Anselm Kiefer presents his largest show in London yet, covering over 11,000 square feet of the new White Cube Bermondsey gallery, Il Mistero delle Cattedrali. With ties to Fulcanelli’s publication of the same name (published in 1926), the show explores his longtime fascination with alchemy and its processes, Kiefer bringing to light the mystical notions behind the pseudo-scientific procedure. “In the past the alchemists sped up this process with magical means. That was called magic,” Kiefer states. “As an artist I don’t do anything differently. I only accelerate the transformation that is already present in things. That is magic, as I understand it.”
Anselm Kiefer, Sprache der Vögel (1989)
The combination of materials creates imagery of strength and immediacy. Sleek metallic wires intertwine with cement blocks to reveal texture and dimensionality. A palette of whites, grays, and blacks stab the air with great volume. Dark wings attached to a cement block pile. Delicate pewter bowls hang from the crossbar of a bicycle. A model airplane is smashed under the confines of a plaster boulder.
Using his own scientific process for the creation of his work, many of the large-scale pieces underwent an accelerated process of oxidization. A play between chaos and order, Kiefer meant for the works to evoke some form of the sublime; their larger-than-life scale encourages awe from its audiences. There is also the fact that these artworks have been subjected to natural forces in the oxidization process, making them a product of their environment as well as the controlling forces of an artist’s mind.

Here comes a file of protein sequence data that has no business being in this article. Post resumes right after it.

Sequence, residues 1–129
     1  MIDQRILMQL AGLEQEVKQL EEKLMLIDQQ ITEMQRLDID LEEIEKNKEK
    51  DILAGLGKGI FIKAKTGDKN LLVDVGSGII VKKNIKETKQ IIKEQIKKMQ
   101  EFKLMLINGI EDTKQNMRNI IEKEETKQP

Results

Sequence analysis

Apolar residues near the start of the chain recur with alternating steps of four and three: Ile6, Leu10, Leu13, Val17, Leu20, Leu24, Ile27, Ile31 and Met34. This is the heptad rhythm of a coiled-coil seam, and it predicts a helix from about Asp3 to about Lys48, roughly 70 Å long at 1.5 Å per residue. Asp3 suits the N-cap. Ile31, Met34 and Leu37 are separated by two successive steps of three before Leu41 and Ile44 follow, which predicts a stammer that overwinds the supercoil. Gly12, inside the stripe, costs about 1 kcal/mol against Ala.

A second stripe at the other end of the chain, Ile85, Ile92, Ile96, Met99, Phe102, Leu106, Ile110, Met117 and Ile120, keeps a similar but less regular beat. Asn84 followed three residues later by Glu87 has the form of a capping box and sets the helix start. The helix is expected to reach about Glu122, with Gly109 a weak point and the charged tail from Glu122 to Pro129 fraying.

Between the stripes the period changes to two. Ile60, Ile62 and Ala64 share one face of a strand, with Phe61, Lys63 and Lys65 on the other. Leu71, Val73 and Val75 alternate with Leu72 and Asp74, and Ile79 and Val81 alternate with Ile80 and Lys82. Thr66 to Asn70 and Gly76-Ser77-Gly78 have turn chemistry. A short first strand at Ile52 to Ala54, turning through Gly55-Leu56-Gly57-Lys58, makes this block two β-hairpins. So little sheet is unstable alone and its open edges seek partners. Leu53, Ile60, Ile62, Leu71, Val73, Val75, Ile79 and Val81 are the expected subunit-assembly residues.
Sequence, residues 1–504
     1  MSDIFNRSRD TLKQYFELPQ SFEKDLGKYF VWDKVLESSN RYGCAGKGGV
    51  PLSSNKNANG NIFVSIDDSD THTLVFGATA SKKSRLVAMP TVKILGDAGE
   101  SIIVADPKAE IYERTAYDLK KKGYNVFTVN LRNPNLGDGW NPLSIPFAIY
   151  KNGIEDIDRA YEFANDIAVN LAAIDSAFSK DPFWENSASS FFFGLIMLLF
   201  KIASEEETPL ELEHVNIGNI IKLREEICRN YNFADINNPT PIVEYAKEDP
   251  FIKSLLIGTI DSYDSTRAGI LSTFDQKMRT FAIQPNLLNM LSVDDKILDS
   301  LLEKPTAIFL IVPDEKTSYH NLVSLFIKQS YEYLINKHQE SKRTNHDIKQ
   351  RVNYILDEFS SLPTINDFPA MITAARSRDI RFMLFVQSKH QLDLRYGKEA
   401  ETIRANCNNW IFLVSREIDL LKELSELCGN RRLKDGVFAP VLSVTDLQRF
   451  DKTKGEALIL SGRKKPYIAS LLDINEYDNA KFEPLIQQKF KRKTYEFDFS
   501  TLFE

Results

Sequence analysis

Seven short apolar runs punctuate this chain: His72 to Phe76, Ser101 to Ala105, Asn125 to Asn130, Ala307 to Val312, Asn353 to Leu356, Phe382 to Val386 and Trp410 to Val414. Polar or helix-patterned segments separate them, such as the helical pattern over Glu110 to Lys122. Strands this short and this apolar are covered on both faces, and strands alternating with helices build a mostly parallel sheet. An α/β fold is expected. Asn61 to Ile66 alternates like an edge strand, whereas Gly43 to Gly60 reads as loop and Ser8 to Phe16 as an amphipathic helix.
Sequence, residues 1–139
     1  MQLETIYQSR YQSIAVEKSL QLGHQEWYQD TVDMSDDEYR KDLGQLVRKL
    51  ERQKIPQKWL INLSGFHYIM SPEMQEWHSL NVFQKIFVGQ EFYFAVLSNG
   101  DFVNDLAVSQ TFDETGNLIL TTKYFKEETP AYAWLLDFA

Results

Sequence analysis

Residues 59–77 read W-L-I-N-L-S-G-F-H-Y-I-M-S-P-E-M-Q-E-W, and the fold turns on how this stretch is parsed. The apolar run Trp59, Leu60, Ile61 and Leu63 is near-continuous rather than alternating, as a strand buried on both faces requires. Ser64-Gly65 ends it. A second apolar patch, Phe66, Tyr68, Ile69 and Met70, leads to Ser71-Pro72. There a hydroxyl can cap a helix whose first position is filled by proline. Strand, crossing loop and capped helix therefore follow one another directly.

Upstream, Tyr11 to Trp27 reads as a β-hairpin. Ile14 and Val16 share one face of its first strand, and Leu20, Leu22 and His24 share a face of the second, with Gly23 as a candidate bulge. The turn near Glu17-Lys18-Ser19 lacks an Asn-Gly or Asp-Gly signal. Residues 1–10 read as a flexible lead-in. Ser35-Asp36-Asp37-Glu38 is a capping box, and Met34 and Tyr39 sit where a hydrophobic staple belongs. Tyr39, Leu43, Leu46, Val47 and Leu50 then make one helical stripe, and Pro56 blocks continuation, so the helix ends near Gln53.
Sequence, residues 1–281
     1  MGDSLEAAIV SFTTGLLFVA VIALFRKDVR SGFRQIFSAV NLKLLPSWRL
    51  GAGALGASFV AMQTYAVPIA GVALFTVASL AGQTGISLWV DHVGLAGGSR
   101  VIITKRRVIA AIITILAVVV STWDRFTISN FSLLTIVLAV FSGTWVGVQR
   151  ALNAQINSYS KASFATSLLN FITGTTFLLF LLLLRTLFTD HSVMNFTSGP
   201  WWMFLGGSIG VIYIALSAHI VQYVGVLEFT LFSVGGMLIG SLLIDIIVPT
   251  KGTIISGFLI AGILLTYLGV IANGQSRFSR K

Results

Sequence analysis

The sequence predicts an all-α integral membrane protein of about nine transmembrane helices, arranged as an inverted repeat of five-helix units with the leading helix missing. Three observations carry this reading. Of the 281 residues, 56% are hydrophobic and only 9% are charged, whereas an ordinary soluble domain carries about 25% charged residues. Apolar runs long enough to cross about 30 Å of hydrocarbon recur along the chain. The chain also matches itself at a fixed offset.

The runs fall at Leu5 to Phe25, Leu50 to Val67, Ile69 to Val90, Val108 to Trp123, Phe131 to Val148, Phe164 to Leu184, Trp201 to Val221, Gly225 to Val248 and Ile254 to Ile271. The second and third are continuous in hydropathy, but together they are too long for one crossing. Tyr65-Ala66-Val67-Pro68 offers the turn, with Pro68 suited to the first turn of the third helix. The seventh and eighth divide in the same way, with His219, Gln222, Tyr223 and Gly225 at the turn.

Anselm Kiefer, Dat rosa miel apibas (2009)
Kiefer also makes a point to illuminate facets of his native Germany and its history. Tempelhof, an airport built in 1927 on land once belonging to the medieval Knights Templar, is transformed into a present-day cathedral; a mystical site of inspiration, meditation, and, in Kiefer’s work, apocalypse. It was known as Hitler’s gateway to Europe and seen by many as a forerunner of the airports of the late 20th century, symbolizing the grandeur and ambition of Nazi Germany.
Anselm Kiefer was born in 1945 in Donaueschingen in southern Germany, living and and working in France since 1991. Internationally recognized as a painter and sculptor, the artist’s recent projects include the Louvre and Grand Palais, Paris and Guggenheim Bilbao. This past November, he traveled to Israel to open Shevirat Ha-Kelim at the Tel Aviv Art Museum, the inaugural exhibition in the Herta and Paul Amir Building.
Anselm Kiefer, Opus Magnum (2010)
– T. Sheena
Exhibition Website [White Cube Gallery]
Anselm Kiefer: Il Mistero delle Cattedrali, White Cube Bermondsey: review [Telegraph]
Anselm Kiefer: Il Mistero delle Cattedrali, White Cube Bermondsey, London [Financial Times]
Anselm Kiefer’s “Il Mistero delle Cattedrali” [Art Agenda]